Shielding Her Modesty and Other Stories, by Sita Bhaskar. Frog Books, February 2006. $10 paper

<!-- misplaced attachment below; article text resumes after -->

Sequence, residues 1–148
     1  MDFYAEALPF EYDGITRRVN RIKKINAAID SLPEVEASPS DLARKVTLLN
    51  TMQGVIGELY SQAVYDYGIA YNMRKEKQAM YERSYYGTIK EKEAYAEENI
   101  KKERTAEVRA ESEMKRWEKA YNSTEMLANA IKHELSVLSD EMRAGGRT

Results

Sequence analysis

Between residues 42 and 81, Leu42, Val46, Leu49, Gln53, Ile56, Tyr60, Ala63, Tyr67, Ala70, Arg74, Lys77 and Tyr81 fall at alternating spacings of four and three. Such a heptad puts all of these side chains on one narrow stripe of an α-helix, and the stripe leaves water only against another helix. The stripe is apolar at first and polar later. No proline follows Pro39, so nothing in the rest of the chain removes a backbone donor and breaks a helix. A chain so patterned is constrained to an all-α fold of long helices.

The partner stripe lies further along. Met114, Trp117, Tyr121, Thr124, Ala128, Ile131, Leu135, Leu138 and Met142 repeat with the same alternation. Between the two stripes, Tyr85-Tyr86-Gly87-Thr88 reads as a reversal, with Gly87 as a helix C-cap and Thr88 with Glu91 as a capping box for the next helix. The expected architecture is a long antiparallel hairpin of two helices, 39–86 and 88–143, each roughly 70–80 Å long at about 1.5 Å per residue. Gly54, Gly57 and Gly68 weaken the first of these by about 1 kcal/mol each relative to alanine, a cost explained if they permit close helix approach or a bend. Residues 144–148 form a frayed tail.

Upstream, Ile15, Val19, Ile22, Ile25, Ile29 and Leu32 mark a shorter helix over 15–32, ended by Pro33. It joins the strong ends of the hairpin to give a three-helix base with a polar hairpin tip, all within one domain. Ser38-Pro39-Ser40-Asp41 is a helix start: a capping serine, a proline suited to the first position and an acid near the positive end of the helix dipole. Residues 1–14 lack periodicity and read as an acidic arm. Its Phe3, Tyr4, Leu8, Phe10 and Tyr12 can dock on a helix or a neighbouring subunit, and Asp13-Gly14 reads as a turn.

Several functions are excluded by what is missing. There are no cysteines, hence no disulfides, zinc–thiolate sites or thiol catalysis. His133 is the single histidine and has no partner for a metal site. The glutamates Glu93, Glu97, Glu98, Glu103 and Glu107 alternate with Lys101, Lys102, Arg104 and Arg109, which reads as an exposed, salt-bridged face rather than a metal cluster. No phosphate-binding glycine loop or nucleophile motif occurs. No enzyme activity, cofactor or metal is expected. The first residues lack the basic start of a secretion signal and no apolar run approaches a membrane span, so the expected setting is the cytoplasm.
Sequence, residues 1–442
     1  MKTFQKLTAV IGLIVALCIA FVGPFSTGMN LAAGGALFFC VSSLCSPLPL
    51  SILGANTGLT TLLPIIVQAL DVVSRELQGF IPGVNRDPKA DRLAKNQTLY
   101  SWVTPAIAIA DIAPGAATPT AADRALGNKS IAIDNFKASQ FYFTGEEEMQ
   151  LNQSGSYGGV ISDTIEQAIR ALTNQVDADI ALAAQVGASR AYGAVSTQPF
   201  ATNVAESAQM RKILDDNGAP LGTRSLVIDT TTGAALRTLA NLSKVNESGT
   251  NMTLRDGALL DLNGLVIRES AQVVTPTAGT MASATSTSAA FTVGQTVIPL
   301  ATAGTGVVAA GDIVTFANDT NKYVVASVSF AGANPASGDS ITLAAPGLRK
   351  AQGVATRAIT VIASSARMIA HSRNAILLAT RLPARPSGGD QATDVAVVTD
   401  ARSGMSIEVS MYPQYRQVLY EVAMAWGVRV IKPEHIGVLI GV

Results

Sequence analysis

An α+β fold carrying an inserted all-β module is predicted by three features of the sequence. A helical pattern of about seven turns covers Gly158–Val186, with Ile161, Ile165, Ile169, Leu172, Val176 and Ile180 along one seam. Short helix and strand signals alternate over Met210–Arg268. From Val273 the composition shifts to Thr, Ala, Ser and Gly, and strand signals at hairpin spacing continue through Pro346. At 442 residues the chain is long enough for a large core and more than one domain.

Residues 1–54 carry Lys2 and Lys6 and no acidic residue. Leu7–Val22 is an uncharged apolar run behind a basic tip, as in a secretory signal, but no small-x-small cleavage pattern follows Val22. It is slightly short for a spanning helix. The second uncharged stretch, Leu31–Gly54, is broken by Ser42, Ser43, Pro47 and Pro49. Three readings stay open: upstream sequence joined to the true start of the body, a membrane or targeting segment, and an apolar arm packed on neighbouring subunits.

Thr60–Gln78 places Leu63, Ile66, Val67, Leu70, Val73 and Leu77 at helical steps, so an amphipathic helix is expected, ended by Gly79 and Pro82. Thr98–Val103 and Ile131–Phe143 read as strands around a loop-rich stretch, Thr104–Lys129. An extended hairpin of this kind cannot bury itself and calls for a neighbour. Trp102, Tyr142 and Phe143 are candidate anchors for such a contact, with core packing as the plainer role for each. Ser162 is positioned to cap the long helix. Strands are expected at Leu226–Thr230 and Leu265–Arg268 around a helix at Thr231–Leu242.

A native of India and longtime resident in the US, Sita Bhaskar focuses on the vexed interface between two cultures. Her stories are readable as transparent, light-handed plots exquisitely composed either to provide grounds for pity, laughter, condescension, or bewilderment—most often in medleys; or to explore a master idea (such as alienation); or to dissect the “when in Rome” commonplace. Their most compelling profile, however, is materialistic. Bhaskar’s narrators speak for no one–self, the Indian community or the American, higher authority, or a disciplinary consensus, though she is versed in anthropology as well as the poetics of comedy. What is “really real” to Bhaskar is a latent dynamic of temperament, culture, class, and gender; everything else is outward manifestation, invariably engaging but always pointing beyond and below. The method of Shielding Her Modesty is classically logistical: conflicts and classifications as well as syntheses (fated to fail) are governed by rigorous laws of antecedent and consequent, causal or associative. Finally, the texts are elemental: similar (but far from identical) characters act and react in analogous ways to cognate situations; the resulting array of tightly integrated patterns creates a dystopia of in-betweenness. Fans of Bend it like Beckham and The Monsoon Wedding will revel in Bhaskar’s wit, finesse, and empathy.